Grace's Guide is the leading source of historical information on industry and manufacturing in Britain. This web publication contains 148,124 pages of information and 233,665 images on early companies, their products and the people who designed and built them.
William Newton Bakewell (1845-1913)
In connection with the construction of the Forth Bridge, Wilhelm Westhofen wrote: 'The duties of the survey department in connection with the erection of the cantilevers were of the heaviest kind. The work had to be carried out in the most exposed positions and in all weathers. To Mr. W. N. Bakewell belongs the credit of a great achievement, and it is not too much to say that to his courage and decision and promptitude in fixing points, is due the saving of much time and much expenditure.'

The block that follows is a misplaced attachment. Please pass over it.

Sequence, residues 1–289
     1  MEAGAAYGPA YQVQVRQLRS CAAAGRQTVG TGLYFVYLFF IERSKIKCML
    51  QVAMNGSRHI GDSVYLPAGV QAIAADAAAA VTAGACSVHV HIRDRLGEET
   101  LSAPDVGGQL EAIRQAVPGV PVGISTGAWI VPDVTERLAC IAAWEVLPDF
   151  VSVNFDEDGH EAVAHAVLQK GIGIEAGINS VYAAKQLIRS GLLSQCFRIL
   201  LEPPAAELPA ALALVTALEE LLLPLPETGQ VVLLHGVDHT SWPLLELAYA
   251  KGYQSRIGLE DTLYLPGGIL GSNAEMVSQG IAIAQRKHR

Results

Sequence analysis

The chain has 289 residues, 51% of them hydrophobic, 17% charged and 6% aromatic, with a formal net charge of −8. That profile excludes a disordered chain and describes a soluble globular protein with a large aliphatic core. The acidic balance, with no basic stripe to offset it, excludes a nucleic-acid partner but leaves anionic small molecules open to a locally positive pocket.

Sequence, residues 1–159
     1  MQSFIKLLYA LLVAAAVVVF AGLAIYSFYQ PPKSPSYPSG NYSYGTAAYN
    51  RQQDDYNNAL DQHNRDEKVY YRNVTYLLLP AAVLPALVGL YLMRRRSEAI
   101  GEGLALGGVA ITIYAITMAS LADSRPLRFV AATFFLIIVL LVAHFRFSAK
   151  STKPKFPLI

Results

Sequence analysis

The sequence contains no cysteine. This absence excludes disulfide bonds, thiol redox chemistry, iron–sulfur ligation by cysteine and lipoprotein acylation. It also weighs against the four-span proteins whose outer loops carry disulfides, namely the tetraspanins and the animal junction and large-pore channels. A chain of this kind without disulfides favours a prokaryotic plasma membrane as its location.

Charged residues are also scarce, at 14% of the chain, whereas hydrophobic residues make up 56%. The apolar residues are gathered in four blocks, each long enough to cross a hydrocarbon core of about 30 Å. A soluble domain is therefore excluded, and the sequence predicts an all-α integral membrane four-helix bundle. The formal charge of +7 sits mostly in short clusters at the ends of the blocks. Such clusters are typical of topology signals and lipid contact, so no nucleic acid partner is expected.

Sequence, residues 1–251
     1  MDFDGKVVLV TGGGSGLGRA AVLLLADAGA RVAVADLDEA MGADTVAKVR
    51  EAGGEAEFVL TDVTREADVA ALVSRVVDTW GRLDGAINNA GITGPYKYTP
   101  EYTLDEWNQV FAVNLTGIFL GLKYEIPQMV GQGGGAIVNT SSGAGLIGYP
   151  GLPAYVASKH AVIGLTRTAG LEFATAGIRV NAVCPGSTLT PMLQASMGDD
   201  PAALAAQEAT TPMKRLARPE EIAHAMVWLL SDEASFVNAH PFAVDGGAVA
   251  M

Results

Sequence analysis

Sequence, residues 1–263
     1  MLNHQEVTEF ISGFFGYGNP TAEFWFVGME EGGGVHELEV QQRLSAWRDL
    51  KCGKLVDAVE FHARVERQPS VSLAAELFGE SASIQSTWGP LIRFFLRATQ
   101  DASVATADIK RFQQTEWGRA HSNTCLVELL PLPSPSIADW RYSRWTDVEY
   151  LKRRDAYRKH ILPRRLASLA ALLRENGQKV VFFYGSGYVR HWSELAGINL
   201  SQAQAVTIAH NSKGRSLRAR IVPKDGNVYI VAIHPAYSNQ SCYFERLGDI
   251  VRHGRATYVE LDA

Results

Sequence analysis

1914 Obituary 
WILLIAM NEWTON BAKEWELL, born on the 26th October, 1845, died at Keswick on the 3rd November, 1913.
Trained at the Don Engineering Works, Rotherham, he was afterwards engaged on railways in the London district and on various public works in Egypt.
During the erection of the Forth Bridge, he acted as contractor’s engineer for part of the time, and later he was engaged in a similar capacity on the Tower Bridge, the Assuan Dam, the English bridge at Cairo, and irrigation schemes in Asia Minor.
Shortly before his recent retirement, he surveyed harbours at Trebizond and Samsun, on the Black Sea, for Sir John Jackson.
Mr. Bakewell was elected a Member of The Institution on the 15th May, 1888